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A Song for Lent – Day 16 – Don’t just believe, act!

To Read: Click on song title to watch a video

Show Me

from My Fair Lady

Don’t talk of stars, burning above
If you’re in love, show me
Tell me not dreams, filled with desire
If you’re on fire, show me

Never do I ever want to hear another word
There isn’t one, I haven’t heard
Here we are together in what ought to be a dream
Say one more word and I’ll scream

Sing me no song, read me no rhyme
Don’t waste my time, show me
Please don’t implore, beg on the seats
Don’t make all the speech, show me

Here we are together in the middle of the night
Don’t talk of spring, just hold me tight
Anyone who’s ever been in love’ll tell you that
This is no time for a chat

Haven’t your arms, hungered for mine?
Please don’t explain, show me, show me
And don’t wait until wrinkles and lines
Pop out all over my brow, show me now

Never do I ever want to hear another word
There isn’t one, I haven’t heard
Here we are together in what ought to be a dream
Say one more word and I’ll scream

Haven’t your lips longed for my touch?
Don’t say how much, show me, show me
Don’t wait until wrinkles and lines
Pop out all over my brow, show me now


From the Scriptures:

What good is it, my brothers and sisters, if you say you have faith but do not have works? Can faith save you? 15 If a brother or sister is naked and lacks daily food, 16 and one of you says to them, ‘Go in peace; keep warm and eat your fill’, and yet you do not supply their bodily needs, what is the good of that? 17 So faith by itself, if it has no works, is dead.

James 2.14-17


To Reflect: (Sloth)

The reflections this week are about some of the classic ‘deadly sins’ of the faith.  How we can fall into them and ways to avoid them.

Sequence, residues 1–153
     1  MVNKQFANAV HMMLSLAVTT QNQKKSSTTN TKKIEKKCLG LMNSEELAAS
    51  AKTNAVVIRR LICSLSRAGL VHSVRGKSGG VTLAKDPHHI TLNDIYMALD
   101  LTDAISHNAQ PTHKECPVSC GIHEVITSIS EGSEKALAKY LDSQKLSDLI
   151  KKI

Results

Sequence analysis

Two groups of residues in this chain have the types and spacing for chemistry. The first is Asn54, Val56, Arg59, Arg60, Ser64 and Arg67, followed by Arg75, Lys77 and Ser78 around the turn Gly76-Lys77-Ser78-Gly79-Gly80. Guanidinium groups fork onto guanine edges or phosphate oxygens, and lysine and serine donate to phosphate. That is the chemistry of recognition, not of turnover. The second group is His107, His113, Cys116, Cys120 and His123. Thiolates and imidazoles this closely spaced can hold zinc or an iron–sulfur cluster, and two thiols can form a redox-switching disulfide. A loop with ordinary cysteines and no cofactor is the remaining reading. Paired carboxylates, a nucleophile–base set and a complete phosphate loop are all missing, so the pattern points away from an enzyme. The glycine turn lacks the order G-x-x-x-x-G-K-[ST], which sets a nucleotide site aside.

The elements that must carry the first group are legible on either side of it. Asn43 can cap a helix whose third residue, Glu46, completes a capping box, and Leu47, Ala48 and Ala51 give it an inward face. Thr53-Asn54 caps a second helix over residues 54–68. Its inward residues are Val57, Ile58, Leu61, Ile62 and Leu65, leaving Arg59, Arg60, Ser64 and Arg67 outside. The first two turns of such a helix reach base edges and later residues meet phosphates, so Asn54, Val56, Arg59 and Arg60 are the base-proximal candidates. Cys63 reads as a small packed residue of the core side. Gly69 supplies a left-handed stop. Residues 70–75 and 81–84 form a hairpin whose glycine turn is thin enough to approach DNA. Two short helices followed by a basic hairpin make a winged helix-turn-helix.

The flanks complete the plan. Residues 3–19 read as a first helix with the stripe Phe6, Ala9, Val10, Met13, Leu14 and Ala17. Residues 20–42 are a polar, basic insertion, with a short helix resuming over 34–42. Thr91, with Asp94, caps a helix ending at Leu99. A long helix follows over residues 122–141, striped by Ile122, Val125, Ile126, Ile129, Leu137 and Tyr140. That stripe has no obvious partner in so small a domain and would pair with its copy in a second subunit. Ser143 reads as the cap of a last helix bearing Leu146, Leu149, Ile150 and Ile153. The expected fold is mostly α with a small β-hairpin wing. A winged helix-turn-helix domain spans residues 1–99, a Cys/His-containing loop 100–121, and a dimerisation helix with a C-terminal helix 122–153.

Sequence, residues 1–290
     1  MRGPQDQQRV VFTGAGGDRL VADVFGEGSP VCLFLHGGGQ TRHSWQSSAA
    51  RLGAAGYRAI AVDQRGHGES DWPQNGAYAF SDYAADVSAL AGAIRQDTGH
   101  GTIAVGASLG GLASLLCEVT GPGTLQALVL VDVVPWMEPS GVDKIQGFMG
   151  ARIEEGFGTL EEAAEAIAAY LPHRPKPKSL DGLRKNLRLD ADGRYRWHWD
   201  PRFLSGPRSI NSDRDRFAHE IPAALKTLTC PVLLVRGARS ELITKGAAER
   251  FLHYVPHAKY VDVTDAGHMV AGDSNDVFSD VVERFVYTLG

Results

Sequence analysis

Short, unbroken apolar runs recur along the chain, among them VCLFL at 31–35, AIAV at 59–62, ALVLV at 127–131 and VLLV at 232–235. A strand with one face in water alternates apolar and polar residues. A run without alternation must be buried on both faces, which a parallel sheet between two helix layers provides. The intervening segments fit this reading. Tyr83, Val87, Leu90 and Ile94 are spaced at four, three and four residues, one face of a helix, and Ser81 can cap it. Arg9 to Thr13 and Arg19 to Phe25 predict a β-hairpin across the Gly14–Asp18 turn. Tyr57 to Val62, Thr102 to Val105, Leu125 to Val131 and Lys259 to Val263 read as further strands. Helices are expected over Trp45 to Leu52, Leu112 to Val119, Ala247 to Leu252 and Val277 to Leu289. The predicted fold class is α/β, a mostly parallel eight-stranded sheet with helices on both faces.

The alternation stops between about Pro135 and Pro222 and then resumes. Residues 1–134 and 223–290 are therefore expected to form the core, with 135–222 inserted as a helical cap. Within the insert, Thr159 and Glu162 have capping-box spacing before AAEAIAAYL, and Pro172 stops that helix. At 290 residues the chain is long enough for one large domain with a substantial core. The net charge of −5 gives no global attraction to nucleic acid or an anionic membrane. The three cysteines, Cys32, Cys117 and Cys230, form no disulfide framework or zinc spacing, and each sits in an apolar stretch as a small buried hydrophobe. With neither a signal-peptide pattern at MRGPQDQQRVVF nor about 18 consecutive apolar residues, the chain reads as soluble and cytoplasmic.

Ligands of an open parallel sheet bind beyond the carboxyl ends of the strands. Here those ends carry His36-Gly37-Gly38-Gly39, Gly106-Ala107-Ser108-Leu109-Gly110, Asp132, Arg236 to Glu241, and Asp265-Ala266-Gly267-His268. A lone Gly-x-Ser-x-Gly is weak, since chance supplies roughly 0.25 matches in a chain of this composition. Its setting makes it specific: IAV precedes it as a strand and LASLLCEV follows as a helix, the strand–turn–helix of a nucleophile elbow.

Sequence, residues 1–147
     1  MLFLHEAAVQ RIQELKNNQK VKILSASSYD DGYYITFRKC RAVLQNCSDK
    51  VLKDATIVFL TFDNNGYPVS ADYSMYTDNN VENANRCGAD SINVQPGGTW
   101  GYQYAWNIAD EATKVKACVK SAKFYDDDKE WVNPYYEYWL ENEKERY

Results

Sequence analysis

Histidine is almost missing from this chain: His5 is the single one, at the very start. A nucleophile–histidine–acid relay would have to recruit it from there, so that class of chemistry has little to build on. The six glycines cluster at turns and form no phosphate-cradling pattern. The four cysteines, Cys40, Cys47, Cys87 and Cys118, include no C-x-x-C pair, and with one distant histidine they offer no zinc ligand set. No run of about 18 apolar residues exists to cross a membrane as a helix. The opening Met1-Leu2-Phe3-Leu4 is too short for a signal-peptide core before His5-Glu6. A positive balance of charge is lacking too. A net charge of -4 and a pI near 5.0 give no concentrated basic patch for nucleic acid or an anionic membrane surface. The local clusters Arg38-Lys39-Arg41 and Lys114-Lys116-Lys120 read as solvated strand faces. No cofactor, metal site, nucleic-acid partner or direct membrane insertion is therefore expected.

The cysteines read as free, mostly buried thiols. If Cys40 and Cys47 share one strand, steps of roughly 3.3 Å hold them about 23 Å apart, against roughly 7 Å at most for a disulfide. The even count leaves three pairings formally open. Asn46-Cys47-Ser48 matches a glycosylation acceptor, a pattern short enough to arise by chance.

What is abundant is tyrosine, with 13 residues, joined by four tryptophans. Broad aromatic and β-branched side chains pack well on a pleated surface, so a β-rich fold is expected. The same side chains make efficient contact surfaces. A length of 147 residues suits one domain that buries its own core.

Poor old Freddy Eynsford-Hill!  Love-struck he has been pacing up an down outside Professor Higgins house on the street where you live when Eliza miraculously appears fresh from a row with her mentor.  Now is his chance!  Entranced by her before she was ‘educated’ and was still was selling bunches of violets underneath the arches of Covent Garden surely he can finally plight his troth and find happiness?

Sadly no. In ‘Show Me’ Eliza seems to finally agree to go along with him My Fair Ladyonly to find by the end of the story she has returned to her teacher, who has had a little bit of a ‘talking to’ by both his best friend and his mother.  To this day their remains nothing like tea with mother to put the upper-class English gentleman in his place…

Eliza, tired of words and desperate for deeds, mirrors the frustration of the Apostle James with the early church.  In a text that bears out the truth of Jesus’ words – apposite in snowbound Britain today – that ‘you always have the poor with you, and you can show kindness to them whenever you wish’ (Mark 14.7), James demands ‘deeds not words’.

One would have thought it obvious that there’s no sense ‘talking the talk without walking the walk’ but it seems to be a trap into which not only devout people fall.  The response ‘thoughts and prayers’ to recent school massacres in the USA is perhaps a 21st Century version of, Go in peace; keep warm and eat your fill’. 

I do not know many Christians, though sadly I do know some, who seeing someone in need does not feel sympathy and want to help.